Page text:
Later on, outlining the heated debate between free and paid-for

newspapers, the report concludes: ‘Pride and prejudice is fogging the

issue.’ It indicates these should be secondary concerns which come well

below the more pressing question of what kind of product is right for

your customers.



Newspapers are urged to redefine their role. ‘What business are you in?

State this in one succinct sentence; if you cannot you do not have a

clear idea of what business you are in.’



Finally: ‘Stop using industry terms and start using consumer terms -

this will automatically take you closer to the source of your revenue.’



The Liverpool Echo is doing just this. Last year its management decided

to raise the cover price. The marketing people decided, however, not to

go for the usual tactical sweetener to ensure reader loyalty - for

example, a joint promotion offering a free Jaguar, which had worked very

well in the past.



‘We sat back and thought: no. This time we wanted to do more than just a

promotion,’ the marketing and sales promotion manager, Jane Hunt,

recalls. ‘We wanted a campaign that knitted the whole newspaper together

with its readers. A campaign that would offer a real feel-good factor.’



Out of this soul-searching grew a recognition that ‘newspapers such as

the Liverpool Echo are brands that should be understood, nurtured and

supported’. A product planning team was assembled to draw up a set of

brand values - the most prominent of which turned out to be pride in the

local community and the slogan, ‘local and proud of it’. A newspaper

mascot was designed and now appears throughout the newspaper, and even

on some ads.



‘Our aim is to try to ensure that the stories we use, the way we use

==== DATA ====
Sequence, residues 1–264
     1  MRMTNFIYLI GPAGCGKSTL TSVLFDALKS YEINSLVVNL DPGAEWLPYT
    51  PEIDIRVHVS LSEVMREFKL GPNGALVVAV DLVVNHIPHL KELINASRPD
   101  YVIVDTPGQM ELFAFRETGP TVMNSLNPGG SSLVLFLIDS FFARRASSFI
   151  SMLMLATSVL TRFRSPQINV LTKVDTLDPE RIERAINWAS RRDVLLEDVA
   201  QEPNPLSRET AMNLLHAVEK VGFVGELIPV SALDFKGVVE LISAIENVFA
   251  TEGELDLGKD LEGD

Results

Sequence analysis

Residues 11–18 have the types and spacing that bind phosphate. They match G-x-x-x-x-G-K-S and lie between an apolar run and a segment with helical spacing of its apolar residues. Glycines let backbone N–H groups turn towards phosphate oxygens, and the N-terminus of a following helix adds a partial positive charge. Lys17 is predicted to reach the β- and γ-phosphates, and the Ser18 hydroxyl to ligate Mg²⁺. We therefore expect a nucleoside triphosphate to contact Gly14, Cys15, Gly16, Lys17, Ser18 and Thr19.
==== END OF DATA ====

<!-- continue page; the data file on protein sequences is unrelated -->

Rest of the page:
them, the features we write, the advertising messages and content, the

promotions that we run and the prizes that we offer should all be

consistent with our brand values,’ Hunt explains.



Portsmouth’s the News, 120 years old and with a circulation of 78,000,

has so far had three meetings to discuss ways of ‘extending our brand’.

Keith Ridley, the newspaper’s director of sales and promotions, says

it’s still early days but that it is already thinking about appointing

full-time brand managers.



‘This would send a clear message to people both inside and outside the

company that we are serious about branding,’ he claims.



So far, the lateral thinking has resulted in forays into new media: a

teletext service with cable TV channels is mooted; telephone services

such as weather reports and loveline matches are being developed; and an

Internet site has already been established.



Ridley has been a journalist for 21 years and considers himself an old

hack ‘first and foremost’ despite his new marketing responsibilities. He

is confident that ‘the barriers are beginning to come down’ and that the

fog of pride and prejudice which has hindered brand development in the

regional press is starting to clear.



‘Our editorial staff are increasingly happy to promote events that our

marketing staff have organised. There’s a realisation that we’re all

working towards the same ends,’ he says.



Midland Independent Newspapers, the UK’s second largest evening

newspaper group, expresses the same sentiment. ‘Historically, the

regional press has been quite compartmentalised,’ the group marketing

director, Mark Hollingshead, says. ‘But our newspapers are now moving

ahead as one unified form of communication. The brand is king and

everything we do has to benefit the brand.’



At the beginning of this month, Midland Independent Newspapers went

where no regional newspaper had gone before by launching an electronic

loyalty card for its flagship title, the Birmingham-based Evening Mail.

Offering readers a 10 per cent discount at 50 local retailers, the aim

is to ‘lock in’ the newspaper’s readers and capture a mountain of data

that can be used for direct marketing, future promotions and for

tracking purchasing behaviour. This information can also be used by

advertisers to ensure they are targeting consumers as accurately and

effectively as possible.



‘We’ve looked outside our industry and are now trying to employ

strategies from the consumer marketing sector,’ Hollingshead adds. ‘Of

course, we’re more complicated than, say, Tesco, because we have several

audiences to think about - readers, advertisers, newsagents and so on -